The impact and experience of emergency situations is profoundly different for girls, women, boys and men. They face different threats and risks, and have different response and coping mechanisms for dealing with the effects of crisis and displacement.

Students are seen in the morning queue in the Gaza Strip. 2017 (c) Wissam Nassar
Image credit: Gaza Strip, 2017. Wissam Nassar.

Emergencies can result in loss of livelihoods and changed social roles. Power dynamics within families, communities and societies are often in flux, and can change women’s and men’s status. In such contexts, educational needs change and different barriers for boys and girls often emerge, with girls usually experiencing greater disadvantage. Four of the five countries with the largest gender gaps in education are conflict affected, and girls in crisis contexts are two and a half times more likely to be out of primary school and 90% more likely to be out of secondary school than their counterparts in more stable settings.

Girls face multiple threats to accessing safe and quality education, including targeted attacks on girls’ schools, school-related gender-based violence, increased risk of early marriage and early pregnancy, reduced availability of sexual and reproductive health services, increased burden of unpaid carework and domestic labor. As costs rise to send children to school in fragile situations, adolescent girls are particularly disadvantaged, where relative to boys - education is often not considered to be an investment. Many of these challenges have been compounded by emerging and protracted crises such as the COVID-19 pandemic and the climate crisis. Globally, over 11 million girls may never go back to school after the pandemic; an additional 10 million girls are at risk of child marriage over the next decade; and two million additional cases of female genital mutilation may occur

Men and boys are also exposed to various threats which undermine education opportunities. Conflict can have a greater impact on boys’ education in certain contexts where they are more likely to be recruited into armed forces or pressured to take up paid employment

Shifts in gender roles and relations observed following crises present the opportunity to harness such dynamics and set new precedents for gender equality. Indeed, global research demonstrates that conflict is less likely in contexts where there is gender parity in terms of mean years of schooling. Furthermore, emerging promising practices show that when education is available equitably, is of good quality, relevant, conflict and gender–sensitive it can break cycles of conflict and violence, redefine gender norms and promote tolerance and reconciliation.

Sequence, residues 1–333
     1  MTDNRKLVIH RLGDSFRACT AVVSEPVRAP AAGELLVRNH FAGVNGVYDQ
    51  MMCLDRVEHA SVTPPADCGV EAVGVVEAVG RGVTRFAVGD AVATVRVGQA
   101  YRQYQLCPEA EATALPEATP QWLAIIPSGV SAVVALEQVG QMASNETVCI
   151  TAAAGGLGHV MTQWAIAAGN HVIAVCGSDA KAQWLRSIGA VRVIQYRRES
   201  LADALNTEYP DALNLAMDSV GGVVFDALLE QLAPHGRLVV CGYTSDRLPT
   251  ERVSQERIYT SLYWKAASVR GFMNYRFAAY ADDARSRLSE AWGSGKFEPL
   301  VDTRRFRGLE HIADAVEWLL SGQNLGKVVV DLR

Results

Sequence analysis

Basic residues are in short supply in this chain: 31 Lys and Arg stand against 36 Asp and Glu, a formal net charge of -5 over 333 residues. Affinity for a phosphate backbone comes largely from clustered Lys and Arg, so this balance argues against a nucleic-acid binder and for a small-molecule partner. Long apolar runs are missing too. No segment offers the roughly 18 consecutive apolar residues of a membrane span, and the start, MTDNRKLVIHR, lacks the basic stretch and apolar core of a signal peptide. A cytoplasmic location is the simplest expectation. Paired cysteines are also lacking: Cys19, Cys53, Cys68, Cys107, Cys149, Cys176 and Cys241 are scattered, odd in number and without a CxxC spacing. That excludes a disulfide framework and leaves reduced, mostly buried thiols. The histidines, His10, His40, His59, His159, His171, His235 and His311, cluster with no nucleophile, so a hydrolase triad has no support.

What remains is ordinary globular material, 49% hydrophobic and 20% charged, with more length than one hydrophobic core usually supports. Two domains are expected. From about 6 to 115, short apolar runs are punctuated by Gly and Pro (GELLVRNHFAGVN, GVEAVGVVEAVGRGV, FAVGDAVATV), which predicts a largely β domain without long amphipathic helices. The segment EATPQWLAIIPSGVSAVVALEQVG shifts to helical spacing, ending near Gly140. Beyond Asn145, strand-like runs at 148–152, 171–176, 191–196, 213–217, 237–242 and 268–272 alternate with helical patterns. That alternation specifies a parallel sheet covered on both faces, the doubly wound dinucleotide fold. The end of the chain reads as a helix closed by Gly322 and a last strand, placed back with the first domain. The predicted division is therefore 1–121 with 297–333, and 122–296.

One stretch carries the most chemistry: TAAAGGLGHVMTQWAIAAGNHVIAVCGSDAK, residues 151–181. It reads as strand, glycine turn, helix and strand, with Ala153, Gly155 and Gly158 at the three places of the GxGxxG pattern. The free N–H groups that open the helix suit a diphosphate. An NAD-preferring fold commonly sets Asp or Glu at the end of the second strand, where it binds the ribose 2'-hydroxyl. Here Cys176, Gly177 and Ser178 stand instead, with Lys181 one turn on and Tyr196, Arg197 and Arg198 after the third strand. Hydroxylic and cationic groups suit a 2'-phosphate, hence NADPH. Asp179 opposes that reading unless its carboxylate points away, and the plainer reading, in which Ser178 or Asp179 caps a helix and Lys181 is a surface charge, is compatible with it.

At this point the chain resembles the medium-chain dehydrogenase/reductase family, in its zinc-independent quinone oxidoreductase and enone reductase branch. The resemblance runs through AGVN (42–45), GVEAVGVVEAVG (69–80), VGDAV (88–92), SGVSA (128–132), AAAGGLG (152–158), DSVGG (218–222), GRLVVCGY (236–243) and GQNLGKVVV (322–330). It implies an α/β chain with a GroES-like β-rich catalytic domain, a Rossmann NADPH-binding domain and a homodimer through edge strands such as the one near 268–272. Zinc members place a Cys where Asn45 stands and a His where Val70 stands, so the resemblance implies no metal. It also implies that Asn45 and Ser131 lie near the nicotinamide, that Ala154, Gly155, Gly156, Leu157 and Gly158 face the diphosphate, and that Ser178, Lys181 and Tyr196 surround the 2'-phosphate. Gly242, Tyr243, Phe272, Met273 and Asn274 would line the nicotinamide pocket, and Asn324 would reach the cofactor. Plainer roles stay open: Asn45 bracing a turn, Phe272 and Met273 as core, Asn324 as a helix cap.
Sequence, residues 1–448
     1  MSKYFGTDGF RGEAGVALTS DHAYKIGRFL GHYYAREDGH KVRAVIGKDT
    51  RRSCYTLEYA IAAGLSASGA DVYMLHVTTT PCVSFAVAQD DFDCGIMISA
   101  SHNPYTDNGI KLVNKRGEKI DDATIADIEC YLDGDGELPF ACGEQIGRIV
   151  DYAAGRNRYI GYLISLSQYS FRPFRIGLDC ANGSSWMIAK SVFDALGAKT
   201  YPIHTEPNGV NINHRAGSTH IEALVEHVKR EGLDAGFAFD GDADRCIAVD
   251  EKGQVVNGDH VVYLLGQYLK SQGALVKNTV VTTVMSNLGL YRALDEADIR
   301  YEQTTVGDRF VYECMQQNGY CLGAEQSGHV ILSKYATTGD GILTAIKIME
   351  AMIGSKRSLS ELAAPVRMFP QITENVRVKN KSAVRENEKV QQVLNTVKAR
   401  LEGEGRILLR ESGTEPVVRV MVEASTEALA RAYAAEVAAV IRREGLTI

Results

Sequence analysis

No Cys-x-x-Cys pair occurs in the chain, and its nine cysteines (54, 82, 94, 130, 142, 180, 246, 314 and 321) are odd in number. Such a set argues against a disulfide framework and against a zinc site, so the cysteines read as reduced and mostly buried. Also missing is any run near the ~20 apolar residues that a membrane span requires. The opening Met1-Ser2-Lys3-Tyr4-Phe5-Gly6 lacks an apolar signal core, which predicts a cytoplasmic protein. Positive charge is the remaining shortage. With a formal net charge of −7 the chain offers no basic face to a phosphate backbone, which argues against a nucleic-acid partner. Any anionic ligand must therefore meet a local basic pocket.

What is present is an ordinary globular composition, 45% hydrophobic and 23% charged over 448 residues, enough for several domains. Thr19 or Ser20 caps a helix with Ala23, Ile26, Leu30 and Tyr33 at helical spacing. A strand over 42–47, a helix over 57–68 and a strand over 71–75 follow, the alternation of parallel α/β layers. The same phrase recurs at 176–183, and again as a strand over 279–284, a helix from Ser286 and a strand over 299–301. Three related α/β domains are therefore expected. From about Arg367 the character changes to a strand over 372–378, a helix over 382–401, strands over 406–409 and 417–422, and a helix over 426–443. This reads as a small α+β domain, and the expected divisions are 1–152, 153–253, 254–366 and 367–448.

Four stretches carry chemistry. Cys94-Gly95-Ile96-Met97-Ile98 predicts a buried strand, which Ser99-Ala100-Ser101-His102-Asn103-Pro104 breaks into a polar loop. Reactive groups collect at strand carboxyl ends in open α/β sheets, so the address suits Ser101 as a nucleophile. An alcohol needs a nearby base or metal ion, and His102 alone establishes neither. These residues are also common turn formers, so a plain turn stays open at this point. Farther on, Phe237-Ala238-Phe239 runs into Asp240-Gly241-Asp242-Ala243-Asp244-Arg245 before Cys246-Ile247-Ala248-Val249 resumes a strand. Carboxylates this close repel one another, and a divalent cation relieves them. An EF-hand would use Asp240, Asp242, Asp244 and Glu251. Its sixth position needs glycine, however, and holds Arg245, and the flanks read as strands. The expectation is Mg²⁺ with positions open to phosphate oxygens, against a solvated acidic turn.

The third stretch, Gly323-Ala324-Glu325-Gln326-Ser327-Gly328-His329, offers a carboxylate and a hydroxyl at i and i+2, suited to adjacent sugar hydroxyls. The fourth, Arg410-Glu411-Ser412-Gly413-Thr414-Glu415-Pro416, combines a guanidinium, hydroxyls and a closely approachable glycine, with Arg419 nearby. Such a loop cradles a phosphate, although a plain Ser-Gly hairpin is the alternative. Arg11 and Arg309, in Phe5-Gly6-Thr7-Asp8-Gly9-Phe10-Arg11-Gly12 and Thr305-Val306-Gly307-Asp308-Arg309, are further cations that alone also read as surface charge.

Global commitments reflect increasing prioritization of gender equality as well as education in conflict and crisis settings through the SDGs, Education 2030 Framework for Action, the World Humanitarian Summit, the 2018 Charlevoix Declaration on Quality Education, and the 2021 Declaration on Girls’ Education. However further investment in, at a minimum, gender-responsive education in emergencies (EiE) programming is critical, with gender transformation an aspirational aim. Stakeholders in the EiE community are working to understand the conditions needed and how to measure gender transformation in EiE, and enable all children and youth to contribute to promoting peaceful, gender-equal, prosperous societies. 

spectrum of gender in EiE programming, from gender unequal to gender transformative
Adapted from: UNFPA, UNICEF, UN Women. (2020). Technical Note on Gender-Transformative Approaches: A summary for practitioners.

Key Messages

  • Greater investment in girls’ education in conflict-affected contexts is urgently required as a critical component of achieving the SDGs.
  • EiE policy and programming that does not take into account the specific gendered needs of girls, boys, and gender non conforming children risks exacerbating pre-existing inequalities in education.
  • When education is available equitably, is of good quality, relevant, inclusive, and conflict- and gender–sensitive it can be transformative and promote peace and stability. Quality education can equip girls with knowledge to support a country’s recovery, economic growth, peace and stability.
  • Children in conflict-affected countries are at increased risk of school-related gender based violence
  • Conflict is less likely in contexts where there is gender parity in terms of mean years of schooling. Nine of the world’s ten lowest levels of gender equality in educational attainment are in fragile states. Four of the five countries with the largest gender gaps in education are conflict affected. 
  • During school closures, girls experience serious challenges in accessing technology and resources for distance learning, which further exacerbates learning gaps. During the COVID-19 pandemic, an estimated 222 million girls globally could not be reached with digital and broadcast distance learning.
  • Urgent action is needed to minimize learning loss during and after climate-related disasters. An estimated four million girls in low- and lower-middle-income countries will be unable to complete their schooling due to the impacts of climate change

To expand gender equity in EiE, stakeholders are working to integrate gender equality services and strategies into EiE policy and programming. Refer to emerging promising practices here and operational guidance here.

For more information on INEE’s gender initiatives and network spaces, please visit our gender thematic page.


This collection was developed by Emilie Rees Smith, Global Programme Manager, Skills4Girls, UNICEF and updated with the support of Lauren Gerken, INEE Gender Coordinator, and the INEE Gender Task Team.

9 July 2019 Manual/Handbook/Guide Inter-agency Network for Education in Emergencies (INEE), United Nations Girls Education Initiative (UNGEI)

INEE Guidance Note on Gender

The INEE Guidance Note on Gender provides strategies to ensure that girls, boys, women, and men in contexts of conflict and crisis equally enjoy the protection and learning outcomes that quality education can provide.